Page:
The Irish Road Haulage Association (IRHA) has today, 25th of February, pledged its full support for the action that the driver of a HGV operator in the UK is taking after receiving a £10,000 fine for detection of five refugees in his trailer.
The driver in question has been involved in the haulage industry for 42 years and has had no major issue with the authorities throughout that extensive time period. However, the driver was recently transiting the Port of Calais, where he had undergone and passed a ‘heartbeat’ check by the French custom authorities, when he was asked to allow a physical check by customs officials from the UK Border Force agency. Upon this inspection, five clandestine entrants were found on-board the vehicle.
The HGV driver was subsequently fined £10,000 for the detection of these five clandestine entrants by the UK Border Force, despite having undertaken all appropriate precautions via a clandestine entry truck and trailer check before departure, and passing the ‘heartbeat check’ administered by the French customs authorities, all in a movement of less than 500 yards. Such a scenario, states the IRHA, only serves to highlight the complete failure on behalf of the authorities to deal with the migrant crisis in Calais.
Commenting on the matter, President of the IRHA Ms Verona Murphy stated “The IRHA has been continuously highlighting the complete lack of a coherent approach to safeguard HGV drivers when transiting the Port of Calais. The current level of support and protection afforded to haulage operators utilising the port in Calais is nothing short of abysmal. Nobody is assuming responsibility to the point that HGV drivers are not safe when utilising Calais. Why should a driver pay such an exorbitant fine when he is innocent and has been passed by the French authorities and given the all clear into a secure area that is clearly not secure”.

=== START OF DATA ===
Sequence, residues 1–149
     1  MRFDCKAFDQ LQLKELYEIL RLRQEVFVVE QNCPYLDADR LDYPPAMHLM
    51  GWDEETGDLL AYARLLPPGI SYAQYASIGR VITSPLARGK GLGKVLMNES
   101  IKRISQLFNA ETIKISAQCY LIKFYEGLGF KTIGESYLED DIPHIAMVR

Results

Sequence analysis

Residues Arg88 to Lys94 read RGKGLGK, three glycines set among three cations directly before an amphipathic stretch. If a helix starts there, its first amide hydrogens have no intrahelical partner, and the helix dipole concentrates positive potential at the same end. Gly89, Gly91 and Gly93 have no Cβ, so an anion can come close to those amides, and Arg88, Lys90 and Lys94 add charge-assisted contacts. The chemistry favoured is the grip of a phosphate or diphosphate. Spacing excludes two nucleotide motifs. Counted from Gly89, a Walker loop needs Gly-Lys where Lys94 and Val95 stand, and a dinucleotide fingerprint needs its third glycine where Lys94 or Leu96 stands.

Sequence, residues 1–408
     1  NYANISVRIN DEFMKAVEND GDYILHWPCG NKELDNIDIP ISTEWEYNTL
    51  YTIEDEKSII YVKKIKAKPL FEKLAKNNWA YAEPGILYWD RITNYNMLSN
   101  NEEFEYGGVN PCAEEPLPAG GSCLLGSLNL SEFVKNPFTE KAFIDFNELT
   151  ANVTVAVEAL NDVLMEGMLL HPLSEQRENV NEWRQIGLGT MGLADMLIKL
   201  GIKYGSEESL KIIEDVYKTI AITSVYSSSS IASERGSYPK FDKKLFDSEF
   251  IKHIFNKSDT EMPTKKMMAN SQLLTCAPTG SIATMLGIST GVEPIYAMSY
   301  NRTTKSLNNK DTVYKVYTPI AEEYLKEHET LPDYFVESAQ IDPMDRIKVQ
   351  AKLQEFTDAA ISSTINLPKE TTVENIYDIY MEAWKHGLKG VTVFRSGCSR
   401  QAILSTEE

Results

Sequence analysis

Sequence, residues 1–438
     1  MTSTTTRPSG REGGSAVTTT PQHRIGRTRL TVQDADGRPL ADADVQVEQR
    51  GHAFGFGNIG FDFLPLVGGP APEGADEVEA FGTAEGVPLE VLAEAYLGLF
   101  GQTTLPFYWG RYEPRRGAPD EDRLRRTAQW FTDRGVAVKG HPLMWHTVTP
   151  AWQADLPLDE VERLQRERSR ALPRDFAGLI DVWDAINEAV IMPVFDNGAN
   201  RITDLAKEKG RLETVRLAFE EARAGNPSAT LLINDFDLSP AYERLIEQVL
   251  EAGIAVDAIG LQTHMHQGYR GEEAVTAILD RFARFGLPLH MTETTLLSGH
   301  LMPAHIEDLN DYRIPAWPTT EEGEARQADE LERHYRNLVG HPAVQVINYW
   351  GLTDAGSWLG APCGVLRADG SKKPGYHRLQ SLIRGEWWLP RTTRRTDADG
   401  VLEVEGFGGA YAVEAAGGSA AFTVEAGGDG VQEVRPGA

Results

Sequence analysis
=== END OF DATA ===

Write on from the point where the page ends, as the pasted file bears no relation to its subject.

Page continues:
The case of the UK HGV driver detected with five clandestine entrants, the IRHA says, is a perfect case in point of how HGV haulage operators and their drivers are being required to act as border agents. The association also states that with the on-going efforts to move migrants from the ‘jungle’ in Calais, there is a very real fear within the transport sector that the limited policing that does currently exist at ground level will be completely withdrawn.
Ms Murphy continued: “While the current focus is to remove the numerous thousands of people from the ‘jungle’ into more suitable accommodation, members are concerned that HGVs and their drivers will be left even further exposed to intimidation and attacks from clandestine entrants in the surrounding area, as it is well publicised the migrants do not want housing but to be able to travel to the UK”.
The IRHA is continuing its representations at numerous levels on this current crisis facing the sector but it says unless decisive and swift action is taken to safeguard HGV drivers transiting the Port of Calais, it is only a matter of time before a driver is killed through the course of carrying out their duties.
For further comment, please contact IRHA President Verona Murphy on 087 253 2720